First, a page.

The area soon became a tourist attraction for the early South Australian colonists, and was a popular destination for picnickers. In 1851 Francis Clark wrote that "Waterfall Gully is the most picturesque place for a picnic that I have ever visited",Clark, Francis in Warburton (1981), p. 188.] and by the 1860's the area had become known throughout Adelaide. The use of Waterfall Gully as picnic spot was facilitated by the decision of the government of the day not to subdivide the area containing the waterfalls. Section 920, as it was designated, did not enter into private hands, and thus members of the public were able to access the area from the nearby suburb of Eagle on the Hill on Mount Barker road.Warburton (1981), p. 188.] The position of the Eagle on the Hill hotel proved advantageous for this, as it permitted visitors to stop by for lunch before walking down the hill in the afternoon.Warburton (1981), p. 102.]

Other parts of the Waterfall Gully area were subdivided, though, and much of the area was owned by Samuel Davenport. Davenport used the land for timber, grazing, and the cultivation of various crops, including olives and grapes for wine production.Warburton (1977), pp. 28–31.] Other local residents ran market gardens and nurseries. For example, local residents Wilhelm Mügge and his wife Auguste Schmidt operated "one of the best nurseries and market gardens near Adelaide", and gained a reputation for the cheeses produced from their local dairy farm.Warburton (1981), pp. 188–189.] Along with farming, a number of mines were established from the mid-to-late 1800s. In 1844 the first silver-lead, manganese and iron mines were established in the area, while the 1890s saw a minor gold rush – although "only small quantities were extracted".Warburton (1981), p. 193.] Of greater success was stone quarrying in Chambers' Gully, which began in 1863 and increased in scale in 1912.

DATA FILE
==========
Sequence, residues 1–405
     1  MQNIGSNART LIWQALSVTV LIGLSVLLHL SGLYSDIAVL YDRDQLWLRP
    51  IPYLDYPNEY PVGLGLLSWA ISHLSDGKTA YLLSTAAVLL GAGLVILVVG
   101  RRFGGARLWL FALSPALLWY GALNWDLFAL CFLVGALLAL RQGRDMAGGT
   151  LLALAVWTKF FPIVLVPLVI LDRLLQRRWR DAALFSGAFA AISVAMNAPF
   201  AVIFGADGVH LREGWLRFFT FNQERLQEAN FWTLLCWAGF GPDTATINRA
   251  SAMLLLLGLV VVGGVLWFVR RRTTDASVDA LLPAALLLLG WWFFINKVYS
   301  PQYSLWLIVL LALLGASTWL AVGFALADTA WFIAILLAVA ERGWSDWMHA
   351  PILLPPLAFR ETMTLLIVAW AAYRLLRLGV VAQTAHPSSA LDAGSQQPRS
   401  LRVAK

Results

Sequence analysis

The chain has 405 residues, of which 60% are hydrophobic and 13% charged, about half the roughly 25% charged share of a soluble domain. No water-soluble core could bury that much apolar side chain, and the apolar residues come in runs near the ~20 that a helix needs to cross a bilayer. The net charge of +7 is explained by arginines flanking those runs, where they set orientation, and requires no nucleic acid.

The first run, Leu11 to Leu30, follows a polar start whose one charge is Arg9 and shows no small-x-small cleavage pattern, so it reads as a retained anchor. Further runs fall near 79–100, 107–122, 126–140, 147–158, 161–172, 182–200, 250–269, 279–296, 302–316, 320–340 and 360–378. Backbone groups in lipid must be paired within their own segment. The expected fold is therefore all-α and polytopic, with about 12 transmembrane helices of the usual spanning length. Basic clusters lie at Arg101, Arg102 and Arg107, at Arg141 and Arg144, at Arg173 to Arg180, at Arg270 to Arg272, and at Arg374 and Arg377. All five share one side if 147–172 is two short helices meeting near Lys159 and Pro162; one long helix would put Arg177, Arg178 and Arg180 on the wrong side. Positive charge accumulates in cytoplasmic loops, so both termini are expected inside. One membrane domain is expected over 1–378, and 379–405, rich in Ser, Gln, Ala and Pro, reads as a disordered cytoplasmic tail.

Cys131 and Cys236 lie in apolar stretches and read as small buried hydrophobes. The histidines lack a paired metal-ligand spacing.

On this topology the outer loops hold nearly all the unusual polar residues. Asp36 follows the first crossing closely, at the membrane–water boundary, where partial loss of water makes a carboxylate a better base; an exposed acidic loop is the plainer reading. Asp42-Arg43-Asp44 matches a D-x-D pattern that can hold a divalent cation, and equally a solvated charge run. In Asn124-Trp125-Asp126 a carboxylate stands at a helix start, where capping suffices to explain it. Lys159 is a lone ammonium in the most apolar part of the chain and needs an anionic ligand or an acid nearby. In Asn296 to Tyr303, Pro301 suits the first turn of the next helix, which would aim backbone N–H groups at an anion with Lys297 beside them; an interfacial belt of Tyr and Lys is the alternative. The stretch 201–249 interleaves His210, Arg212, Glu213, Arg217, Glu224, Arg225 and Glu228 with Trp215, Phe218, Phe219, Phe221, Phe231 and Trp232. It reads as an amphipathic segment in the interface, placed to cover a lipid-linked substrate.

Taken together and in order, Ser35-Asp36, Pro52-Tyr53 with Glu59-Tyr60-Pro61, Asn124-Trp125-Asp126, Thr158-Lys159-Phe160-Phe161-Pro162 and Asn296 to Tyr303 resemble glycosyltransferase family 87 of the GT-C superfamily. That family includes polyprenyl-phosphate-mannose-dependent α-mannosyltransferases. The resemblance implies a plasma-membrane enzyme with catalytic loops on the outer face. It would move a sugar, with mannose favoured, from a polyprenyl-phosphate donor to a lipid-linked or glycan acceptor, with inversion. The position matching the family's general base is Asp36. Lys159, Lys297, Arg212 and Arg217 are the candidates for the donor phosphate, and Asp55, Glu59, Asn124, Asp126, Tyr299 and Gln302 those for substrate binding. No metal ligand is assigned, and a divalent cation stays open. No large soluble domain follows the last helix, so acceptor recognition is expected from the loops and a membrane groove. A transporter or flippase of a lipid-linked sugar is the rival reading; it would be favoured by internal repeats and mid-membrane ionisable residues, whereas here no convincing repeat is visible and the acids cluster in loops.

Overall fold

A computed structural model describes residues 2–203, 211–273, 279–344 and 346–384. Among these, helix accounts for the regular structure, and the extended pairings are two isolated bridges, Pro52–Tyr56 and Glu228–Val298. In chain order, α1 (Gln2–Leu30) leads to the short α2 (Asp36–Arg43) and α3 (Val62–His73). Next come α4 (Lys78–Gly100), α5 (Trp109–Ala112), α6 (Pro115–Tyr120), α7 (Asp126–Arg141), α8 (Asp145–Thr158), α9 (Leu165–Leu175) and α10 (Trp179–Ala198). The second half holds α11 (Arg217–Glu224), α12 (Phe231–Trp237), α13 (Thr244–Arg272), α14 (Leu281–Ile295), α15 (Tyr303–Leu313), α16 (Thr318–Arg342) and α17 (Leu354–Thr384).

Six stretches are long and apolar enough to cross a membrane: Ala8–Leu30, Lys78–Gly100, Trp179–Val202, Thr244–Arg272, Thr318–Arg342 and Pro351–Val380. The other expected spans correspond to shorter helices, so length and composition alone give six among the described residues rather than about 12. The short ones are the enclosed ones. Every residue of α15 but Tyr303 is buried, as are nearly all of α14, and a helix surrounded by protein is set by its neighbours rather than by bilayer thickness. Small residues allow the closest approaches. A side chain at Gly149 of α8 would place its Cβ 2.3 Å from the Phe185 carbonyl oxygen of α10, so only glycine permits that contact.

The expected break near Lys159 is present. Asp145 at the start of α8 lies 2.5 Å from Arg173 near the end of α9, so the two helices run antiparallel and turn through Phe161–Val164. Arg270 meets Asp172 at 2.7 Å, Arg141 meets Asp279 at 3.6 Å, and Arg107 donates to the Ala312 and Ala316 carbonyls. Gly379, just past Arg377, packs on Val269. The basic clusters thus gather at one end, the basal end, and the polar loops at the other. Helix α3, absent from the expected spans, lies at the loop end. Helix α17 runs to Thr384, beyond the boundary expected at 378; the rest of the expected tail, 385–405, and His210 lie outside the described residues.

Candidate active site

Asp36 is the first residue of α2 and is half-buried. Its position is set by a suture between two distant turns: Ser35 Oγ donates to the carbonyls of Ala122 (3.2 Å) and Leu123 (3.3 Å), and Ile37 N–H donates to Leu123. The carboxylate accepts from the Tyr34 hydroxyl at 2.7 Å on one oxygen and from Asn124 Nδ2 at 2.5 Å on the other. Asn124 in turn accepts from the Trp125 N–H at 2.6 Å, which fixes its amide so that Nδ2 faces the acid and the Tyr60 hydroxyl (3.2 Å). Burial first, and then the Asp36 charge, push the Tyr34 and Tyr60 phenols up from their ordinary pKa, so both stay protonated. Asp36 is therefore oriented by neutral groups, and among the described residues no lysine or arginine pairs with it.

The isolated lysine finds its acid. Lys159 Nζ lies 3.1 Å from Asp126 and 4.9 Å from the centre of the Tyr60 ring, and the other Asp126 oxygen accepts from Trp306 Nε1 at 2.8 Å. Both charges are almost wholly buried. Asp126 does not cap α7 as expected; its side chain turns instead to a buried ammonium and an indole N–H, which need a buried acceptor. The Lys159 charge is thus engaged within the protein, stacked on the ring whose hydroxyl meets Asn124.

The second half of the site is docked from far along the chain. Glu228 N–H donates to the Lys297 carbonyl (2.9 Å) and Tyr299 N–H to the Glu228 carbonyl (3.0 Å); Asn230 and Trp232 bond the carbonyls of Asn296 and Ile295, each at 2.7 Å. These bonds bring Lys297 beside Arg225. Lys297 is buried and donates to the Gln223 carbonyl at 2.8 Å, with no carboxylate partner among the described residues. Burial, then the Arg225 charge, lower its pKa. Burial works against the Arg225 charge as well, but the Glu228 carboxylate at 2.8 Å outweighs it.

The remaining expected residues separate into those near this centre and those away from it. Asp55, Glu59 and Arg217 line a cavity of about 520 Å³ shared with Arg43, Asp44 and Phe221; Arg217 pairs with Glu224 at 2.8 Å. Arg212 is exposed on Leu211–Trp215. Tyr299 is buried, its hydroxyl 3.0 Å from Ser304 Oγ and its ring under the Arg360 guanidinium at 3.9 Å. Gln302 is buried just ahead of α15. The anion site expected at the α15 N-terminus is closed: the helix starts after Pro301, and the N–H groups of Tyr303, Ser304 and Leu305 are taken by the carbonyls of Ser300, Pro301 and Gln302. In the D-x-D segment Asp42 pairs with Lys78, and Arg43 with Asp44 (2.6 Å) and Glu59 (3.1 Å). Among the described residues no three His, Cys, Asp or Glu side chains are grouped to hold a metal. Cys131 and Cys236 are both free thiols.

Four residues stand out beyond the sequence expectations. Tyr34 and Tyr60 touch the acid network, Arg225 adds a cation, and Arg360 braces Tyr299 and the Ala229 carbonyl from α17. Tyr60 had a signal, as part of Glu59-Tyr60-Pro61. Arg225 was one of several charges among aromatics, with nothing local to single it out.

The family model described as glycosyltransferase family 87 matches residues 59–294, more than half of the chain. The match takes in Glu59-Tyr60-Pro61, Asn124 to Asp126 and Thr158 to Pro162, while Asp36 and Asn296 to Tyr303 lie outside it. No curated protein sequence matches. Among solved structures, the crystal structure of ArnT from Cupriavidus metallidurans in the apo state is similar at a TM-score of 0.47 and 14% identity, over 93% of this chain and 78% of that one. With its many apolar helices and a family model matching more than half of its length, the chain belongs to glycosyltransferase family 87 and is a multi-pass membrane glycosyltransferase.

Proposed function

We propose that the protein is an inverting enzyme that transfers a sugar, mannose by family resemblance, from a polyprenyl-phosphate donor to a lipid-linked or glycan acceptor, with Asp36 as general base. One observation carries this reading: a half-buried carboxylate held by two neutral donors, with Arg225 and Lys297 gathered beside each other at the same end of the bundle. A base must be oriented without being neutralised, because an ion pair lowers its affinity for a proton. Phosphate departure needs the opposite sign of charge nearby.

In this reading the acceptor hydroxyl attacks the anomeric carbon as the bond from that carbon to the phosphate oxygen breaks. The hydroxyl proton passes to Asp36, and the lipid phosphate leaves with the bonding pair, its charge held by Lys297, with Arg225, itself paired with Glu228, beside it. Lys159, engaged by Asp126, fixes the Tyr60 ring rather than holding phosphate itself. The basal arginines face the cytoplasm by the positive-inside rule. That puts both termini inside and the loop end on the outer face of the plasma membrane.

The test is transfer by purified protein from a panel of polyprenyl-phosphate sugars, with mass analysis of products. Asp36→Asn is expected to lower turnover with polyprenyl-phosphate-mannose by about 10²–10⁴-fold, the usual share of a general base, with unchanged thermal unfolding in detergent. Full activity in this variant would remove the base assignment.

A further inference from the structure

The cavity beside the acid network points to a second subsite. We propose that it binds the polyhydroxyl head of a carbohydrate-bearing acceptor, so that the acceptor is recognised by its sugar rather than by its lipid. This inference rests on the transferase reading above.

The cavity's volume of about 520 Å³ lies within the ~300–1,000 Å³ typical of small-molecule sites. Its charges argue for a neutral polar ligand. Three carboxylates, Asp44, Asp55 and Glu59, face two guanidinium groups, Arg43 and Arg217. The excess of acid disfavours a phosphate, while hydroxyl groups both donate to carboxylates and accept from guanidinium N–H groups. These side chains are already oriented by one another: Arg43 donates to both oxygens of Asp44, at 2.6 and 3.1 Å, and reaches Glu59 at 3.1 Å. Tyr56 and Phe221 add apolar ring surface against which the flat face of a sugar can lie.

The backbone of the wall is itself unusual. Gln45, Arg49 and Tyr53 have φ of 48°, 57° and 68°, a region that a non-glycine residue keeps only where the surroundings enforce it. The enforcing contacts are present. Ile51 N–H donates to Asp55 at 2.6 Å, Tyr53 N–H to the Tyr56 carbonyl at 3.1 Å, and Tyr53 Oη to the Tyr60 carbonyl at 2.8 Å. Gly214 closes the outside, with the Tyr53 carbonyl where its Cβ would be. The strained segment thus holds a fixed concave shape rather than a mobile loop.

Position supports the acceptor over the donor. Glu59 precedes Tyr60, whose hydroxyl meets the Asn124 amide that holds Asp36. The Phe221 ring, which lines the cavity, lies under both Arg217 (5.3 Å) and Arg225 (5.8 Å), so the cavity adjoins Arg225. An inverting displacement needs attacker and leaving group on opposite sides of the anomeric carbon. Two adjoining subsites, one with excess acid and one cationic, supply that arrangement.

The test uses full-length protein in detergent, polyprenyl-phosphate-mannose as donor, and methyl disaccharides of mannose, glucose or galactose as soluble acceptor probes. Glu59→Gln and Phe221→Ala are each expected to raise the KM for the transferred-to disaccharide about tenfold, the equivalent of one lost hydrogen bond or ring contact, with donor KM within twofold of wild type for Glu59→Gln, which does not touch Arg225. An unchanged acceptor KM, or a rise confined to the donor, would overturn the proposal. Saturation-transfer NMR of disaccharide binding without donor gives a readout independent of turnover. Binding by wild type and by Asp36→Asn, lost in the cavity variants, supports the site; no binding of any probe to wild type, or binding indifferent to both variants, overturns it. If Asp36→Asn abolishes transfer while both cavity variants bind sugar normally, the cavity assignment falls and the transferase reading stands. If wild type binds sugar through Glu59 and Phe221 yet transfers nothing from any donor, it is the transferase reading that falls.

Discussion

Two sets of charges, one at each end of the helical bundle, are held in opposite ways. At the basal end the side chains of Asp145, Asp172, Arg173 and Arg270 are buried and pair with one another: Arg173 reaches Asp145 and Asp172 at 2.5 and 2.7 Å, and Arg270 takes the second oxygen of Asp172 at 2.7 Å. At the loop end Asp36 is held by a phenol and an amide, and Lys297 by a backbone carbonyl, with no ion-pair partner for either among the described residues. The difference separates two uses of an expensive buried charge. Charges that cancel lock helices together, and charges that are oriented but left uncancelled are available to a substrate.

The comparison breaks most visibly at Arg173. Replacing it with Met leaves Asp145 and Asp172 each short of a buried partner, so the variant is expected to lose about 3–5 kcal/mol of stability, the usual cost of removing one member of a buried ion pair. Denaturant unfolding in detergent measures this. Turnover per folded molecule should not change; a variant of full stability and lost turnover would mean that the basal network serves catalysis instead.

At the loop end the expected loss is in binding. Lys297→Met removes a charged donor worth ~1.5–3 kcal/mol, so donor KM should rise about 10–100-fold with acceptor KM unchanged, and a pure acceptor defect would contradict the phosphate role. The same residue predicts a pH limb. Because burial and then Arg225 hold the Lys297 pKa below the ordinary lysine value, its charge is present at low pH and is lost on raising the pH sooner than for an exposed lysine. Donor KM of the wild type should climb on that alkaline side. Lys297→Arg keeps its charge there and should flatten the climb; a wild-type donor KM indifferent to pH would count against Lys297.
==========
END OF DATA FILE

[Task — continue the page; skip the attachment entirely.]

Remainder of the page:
During this period the population of the nearby village of Burnside was expanding and required a new water supply. First Creek — which runs down Waterfall Gully and enters the River Torrens near today's Botanic Gardens — was seen as the perfect solution to the water shortage. A weir was built during 1881 and 1882, and was made to hold approximately two megalitres (530,000 US gallons) of water. A pipeline was built to Burnside, and from there the water was used throughout the surrounding area.Warburton (1981), p. 190.] As a side effect, the weir also reduced the volume of water available to the local market gardeners, and over many years that aspect of the region disappeared.Warburton (1981), p. 192.]

While the route to the falls from Eagle on the Hill was on public land, the alternative route along the gully was through private properties. Nevertheless, many visitors chose this route, and a combination of public demand and a desire from some of the landowners for improved access to and from their properties – especially from the Mügges – led to pressure to build a road through the gully. Although there was opposition from some of the locals, the Waterfall Gully road was built in the late 1880s.Warburton (1981), pp. 189–190.]

The completion of the road led to an increase in visitor numbers.Warburton (1981), p. 192.] Rather than a bumpy horse ride,Warburton (1981), p. 189.] visitors could now catch the horse tram to the start of the gully, and walk, cycle or ride to the falls.Warburton (1981), pp. 191–192.] To provide for tourists, the area gained a number of road-side kiosks and produce stalls, and the Mügges erected the two story Waterfall Hotel along the path. Furthermore, in 1912 the government opened a kiosk at the base of First Falls, designed in the "style of a Swiss chalet".Hardy (1989), p. 11.] The hotel is a private residence today, but the kiosk continues to operate.